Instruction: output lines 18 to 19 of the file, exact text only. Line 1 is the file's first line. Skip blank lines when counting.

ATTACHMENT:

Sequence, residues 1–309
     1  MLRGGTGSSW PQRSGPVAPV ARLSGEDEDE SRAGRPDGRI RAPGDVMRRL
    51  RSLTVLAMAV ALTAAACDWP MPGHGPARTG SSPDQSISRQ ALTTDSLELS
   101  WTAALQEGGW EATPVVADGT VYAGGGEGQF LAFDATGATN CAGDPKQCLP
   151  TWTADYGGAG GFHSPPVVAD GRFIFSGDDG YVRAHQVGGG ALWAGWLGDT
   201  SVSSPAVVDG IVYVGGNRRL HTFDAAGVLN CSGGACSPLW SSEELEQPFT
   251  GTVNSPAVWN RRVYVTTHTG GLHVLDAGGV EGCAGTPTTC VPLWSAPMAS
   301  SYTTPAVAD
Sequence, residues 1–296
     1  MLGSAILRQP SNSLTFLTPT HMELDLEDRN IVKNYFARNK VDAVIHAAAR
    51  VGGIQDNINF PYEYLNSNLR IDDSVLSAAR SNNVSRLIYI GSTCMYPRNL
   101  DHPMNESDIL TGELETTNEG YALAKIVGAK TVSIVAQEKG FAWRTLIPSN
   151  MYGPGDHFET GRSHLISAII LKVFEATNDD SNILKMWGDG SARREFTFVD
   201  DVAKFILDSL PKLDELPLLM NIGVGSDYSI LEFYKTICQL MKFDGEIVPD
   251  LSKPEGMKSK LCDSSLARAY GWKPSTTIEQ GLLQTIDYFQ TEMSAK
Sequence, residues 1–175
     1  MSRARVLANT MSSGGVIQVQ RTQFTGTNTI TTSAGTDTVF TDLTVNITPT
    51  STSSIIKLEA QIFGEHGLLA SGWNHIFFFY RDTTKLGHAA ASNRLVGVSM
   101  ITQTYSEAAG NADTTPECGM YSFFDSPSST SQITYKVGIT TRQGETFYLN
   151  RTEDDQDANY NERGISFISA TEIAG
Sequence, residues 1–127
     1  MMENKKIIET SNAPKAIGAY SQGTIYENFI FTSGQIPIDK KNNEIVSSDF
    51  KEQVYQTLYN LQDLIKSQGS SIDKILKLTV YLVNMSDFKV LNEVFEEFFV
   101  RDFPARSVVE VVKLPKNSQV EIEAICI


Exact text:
    51  STSSIIKLEA QIFGEHGLLA SGWNHIFFFY RDTTKLGHAA ASNRLVGVSM
   101  ITQTYSEAAG NADTTPECGM YSFFDSPSST SQITYKVGIT TRQGETFYLN